Lagomorph Life

July 11th, 2010 by Harrumpher Leave a reply »

My newest paperboy is furry. Out this morning around 6:30 to pick up the papers, I was not amazed to see a rabbit, but was surprised that he was not the least bit upset by me.

Likewise, at the end of the day in distant (13 or 14 miles away) Allston, I turned into a thoroughly urban warren of houses that barely squeezed onto their lots, leaving no space for more than a few bean plants. Another rabbit squatted in the middle of the street, a car length away from two teens shooting hoops.

Now, I’ll expect to see eastern cottontails morning and evening daily.

Up on Fairmount Hill in Hyde Park, we expect rabbits. There is an urban wild one long block East of us, reputedly home to a pack of coyotes. I’ve seen at least the parents, individually trotting around the streets like we’re the visitors and they the residents. I have found remains — tufts of bunny fur like the leavings after a canine snack in the yard. In the winter, tracks in the snow indicate that there is a warren under bushes on our property. We have seen one or two rabbits many evenings foraging around the fence 40 feet or so from our back deck.

This morning though, the newspaper bunny was refreshingly bold. Our youngest, a teen, figures that he  recognized me, at least in the sense that he knew I lived there and presented no threat. Perhaps — he sat on the sidewalk a foot or so from the papers and didn’t move until I was inches away from him. Then he hopped a few steps as I picked up the bundles. As I headed back to the house, he hopped without urgency or changing speed, a few feet ahead of me. At the driveway, he went behind the hedges and I headed up the steps into the house. An unhurried, unspoken moment shared…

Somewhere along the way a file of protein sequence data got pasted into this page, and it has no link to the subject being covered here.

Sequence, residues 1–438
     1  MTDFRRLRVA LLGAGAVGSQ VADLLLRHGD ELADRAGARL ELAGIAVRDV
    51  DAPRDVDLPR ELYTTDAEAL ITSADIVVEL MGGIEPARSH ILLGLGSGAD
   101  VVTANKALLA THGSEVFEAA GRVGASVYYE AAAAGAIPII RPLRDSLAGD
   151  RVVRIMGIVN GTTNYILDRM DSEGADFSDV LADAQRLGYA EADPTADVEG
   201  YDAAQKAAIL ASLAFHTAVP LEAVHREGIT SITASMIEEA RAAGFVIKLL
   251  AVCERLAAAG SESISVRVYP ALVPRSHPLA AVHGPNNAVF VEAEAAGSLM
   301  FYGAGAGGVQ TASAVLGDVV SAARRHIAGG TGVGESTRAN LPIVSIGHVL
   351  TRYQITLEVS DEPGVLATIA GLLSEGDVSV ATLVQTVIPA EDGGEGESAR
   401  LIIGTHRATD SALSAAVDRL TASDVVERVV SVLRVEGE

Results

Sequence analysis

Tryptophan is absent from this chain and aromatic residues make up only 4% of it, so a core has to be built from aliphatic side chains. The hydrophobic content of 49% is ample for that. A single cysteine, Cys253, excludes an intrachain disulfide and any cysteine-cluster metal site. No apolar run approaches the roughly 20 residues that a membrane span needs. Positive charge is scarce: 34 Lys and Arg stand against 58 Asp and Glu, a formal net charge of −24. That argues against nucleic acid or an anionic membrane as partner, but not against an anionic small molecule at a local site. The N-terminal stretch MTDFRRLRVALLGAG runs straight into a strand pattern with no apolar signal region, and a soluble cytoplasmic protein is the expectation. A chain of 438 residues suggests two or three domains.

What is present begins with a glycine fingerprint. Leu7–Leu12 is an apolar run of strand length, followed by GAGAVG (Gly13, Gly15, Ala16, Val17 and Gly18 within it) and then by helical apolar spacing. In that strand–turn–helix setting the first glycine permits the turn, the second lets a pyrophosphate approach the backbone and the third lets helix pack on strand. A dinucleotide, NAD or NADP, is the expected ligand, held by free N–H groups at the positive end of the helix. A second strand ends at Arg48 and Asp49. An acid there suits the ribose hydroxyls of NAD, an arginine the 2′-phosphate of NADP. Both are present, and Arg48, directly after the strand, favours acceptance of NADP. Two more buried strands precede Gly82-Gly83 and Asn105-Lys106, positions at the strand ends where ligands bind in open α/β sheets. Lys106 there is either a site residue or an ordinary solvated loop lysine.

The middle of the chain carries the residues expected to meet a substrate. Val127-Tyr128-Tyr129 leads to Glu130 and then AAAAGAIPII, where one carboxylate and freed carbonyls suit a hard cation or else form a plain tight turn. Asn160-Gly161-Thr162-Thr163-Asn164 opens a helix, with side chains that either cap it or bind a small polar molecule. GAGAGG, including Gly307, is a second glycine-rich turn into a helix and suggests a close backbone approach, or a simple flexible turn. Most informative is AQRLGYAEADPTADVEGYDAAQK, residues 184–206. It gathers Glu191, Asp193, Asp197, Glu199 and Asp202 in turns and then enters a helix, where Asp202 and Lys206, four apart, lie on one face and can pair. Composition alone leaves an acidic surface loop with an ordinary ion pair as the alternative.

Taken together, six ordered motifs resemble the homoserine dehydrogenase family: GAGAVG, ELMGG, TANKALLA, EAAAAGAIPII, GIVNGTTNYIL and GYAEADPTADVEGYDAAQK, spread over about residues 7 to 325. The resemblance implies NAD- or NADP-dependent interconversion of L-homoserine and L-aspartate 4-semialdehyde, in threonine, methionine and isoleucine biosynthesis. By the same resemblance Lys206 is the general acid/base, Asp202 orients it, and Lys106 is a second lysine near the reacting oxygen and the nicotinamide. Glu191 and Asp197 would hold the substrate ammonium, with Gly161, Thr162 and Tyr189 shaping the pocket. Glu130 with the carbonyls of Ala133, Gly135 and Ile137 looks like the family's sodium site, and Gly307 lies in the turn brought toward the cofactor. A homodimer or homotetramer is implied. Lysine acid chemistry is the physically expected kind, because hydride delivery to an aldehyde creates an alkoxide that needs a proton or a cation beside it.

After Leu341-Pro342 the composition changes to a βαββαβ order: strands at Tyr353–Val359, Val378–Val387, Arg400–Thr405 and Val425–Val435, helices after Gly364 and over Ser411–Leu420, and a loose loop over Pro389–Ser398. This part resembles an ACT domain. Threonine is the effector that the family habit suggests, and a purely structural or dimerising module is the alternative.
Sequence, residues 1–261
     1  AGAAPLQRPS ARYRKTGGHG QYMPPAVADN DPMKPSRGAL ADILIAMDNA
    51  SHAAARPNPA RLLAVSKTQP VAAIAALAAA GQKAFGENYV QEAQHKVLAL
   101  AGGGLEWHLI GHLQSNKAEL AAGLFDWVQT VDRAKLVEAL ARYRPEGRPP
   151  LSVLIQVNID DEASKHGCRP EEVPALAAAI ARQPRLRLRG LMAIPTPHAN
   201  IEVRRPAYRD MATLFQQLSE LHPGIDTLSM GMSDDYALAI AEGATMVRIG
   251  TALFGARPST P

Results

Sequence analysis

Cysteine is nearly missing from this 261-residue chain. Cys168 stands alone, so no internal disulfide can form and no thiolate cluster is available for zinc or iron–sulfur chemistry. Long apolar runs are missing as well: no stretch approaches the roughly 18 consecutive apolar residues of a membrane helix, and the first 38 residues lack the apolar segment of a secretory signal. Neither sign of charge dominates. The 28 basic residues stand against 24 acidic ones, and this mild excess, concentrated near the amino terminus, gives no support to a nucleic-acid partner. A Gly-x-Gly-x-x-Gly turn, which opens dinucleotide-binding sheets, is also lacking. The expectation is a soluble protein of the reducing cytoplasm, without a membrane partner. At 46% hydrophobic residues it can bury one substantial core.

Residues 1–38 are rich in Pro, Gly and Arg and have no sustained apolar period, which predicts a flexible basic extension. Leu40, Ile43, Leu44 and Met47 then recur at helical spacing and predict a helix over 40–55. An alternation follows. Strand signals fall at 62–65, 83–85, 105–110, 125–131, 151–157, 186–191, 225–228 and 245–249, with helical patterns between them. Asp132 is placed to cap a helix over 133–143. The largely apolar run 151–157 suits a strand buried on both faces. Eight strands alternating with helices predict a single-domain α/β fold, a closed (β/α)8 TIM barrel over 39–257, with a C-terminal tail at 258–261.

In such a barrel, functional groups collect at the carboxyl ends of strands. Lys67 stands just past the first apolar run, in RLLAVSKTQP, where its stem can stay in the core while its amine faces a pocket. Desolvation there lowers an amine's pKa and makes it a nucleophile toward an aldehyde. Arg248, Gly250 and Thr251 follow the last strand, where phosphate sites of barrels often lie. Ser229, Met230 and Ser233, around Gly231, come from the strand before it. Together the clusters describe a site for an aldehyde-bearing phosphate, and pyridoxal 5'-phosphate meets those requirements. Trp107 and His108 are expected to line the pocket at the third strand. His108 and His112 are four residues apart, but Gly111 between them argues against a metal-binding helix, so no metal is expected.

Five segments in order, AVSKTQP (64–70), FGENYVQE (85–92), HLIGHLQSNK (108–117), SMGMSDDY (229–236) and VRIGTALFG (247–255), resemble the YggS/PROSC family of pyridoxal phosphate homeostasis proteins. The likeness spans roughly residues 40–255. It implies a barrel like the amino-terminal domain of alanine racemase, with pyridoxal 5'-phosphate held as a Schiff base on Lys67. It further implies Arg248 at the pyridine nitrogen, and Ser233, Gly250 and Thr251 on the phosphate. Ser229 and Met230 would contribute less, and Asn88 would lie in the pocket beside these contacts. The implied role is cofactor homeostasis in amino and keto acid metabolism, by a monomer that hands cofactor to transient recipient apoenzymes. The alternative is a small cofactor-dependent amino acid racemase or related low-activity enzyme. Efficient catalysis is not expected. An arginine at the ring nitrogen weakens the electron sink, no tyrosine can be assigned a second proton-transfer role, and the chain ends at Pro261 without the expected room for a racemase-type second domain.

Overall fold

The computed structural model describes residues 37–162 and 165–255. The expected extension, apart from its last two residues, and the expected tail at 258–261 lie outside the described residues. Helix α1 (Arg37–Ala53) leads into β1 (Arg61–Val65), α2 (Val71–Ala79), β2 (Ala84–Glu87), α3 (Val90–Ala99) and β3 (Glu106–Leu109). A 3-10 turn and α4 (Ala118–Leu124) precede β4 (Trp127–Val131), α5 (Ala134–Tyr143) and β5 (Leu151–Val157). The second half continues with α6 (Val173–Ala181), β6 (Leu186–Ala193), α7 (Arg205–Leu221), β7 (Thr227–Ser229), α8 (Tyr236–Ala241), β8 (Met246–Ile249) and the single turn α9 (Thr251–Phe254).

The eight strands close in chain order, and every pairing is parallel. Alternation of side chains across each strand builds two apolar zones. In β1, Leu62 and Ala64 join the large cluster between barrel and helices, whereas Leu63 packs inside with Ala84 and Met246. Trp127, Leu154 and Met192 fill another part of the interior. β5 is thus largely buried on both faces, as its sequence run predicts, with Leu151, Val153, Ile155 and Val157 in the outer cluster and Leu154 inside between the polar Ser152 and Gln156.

This evening was a bit more curious though. What the devil was a wild animal doing so far from any trees, park, woods or protection of any type?

I was on a bike headed to a Boston Cyclists Union BBQ. The streets were as citified as you get without skyscrapers. Again, two guys were shooting baskets a few feet away. The rabbit was seemingly comfy hunched down in the middle of Riverdale Street.

We humans seem used to the idea that wee furries fear us. We appear, they scamper. Not so my eastern cottontails today. I could get used to this.

Update: Two mornings later, two rabbits were a few feet from the papers — speckled bookends on either side of the walk. I did not have a camera but have been keeping one at hand. Now I don’t see them and feel like Bessie Bighead from Under Milk Wood. “(She) picks a posy of daisies in Sunday Meadow to put on the grave of Gomer Owen who kissed her once by the pig-sty when she wasn’t looking and never kissed her again although she was looking all the time.” I’m looking.

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